Today I'm talkin' FAILURE. With contributions from friends, colleagues, listeners who shared their stories and thoughts about failure, as well as my own experiences and ideas, this episode gets into: the "meta" experience of failing to read enough about failure to do an episode on it; learning in theory versus learning through practice; sharing failures with students as "parting gifts," as icebreakers, as a lesson in self-reflexivity, as a practice of vulnerability, of transparency, or just...

Duration:00:35:43

1.22 Louise Halfe - Sky Dancer's Blue Marrow and "Body Politics"

6/8/2021
On today's solo episode of Teachin' Books, I'm talking about the work of acclaimed poet Louise Bernice Halfe, whose Cree name is Sky Dancer. In particular, I'm talking about an excerpt from Blue Marrow and a short poem called "Body Politics" from Bear Bones & Feathers. For the former: I get into the topic of prairie poetry, prairie literature, and prairie identity, complicated as these formations are, and for the latter, I discuss gender, "womanhood," and "real" versus "artificial"...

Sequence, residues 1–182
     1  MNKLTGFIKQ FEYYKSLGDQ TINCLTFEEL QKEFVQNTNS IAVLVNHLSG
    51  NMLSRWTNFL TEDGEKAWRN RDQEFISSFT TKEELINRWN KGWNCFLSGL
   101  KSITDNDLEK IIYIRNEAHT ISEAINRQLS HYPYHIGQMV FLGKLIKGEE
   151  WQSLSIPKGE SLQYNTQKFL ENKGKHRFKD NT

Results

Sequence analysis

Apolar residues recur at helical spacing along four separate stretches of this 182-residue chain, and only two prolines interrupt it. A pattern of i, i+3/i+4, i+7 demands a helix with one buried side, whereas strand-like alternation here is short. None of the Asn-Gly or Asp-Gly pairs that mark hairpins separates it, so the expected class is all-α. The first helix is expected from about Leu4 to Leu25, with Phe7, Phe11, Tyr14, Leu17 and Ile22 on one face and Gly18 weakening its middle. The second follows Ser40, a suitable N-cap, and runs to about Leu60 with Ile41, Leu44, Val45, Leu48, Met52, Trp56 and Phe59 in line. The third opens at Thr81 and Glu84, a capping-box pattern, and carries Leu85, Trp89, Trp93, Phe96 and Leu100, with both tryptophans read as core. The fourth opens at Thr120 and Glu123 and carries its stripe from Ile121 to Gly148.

Duration:00:33:39

1.21 Interview with Lucy Hinnie / Teaching Shakespeare: Comedy and History

5/18/2021
We're back to teachin' Shakespeeeeeare today! This episode features an interview with my lovely friend and brilliant human Dr. Lucy Hinnie! Lucy is currently Wikimedian-in-Residence at the British Library, and is completing her postdoctoral fellowship at the University of Saskatchewan. In the course of our convo about the second-year Shakespeare: Comedy and History class that Lucy taught in 2020, we get into: how to demystify Shakespeare for those who are intimidated by his work; attending...

Duration:01:04:56

1.20 Interview with Khodi Dill / Spoken Word Poetry and “Grey,” Picture Books, and Education

5/4/2021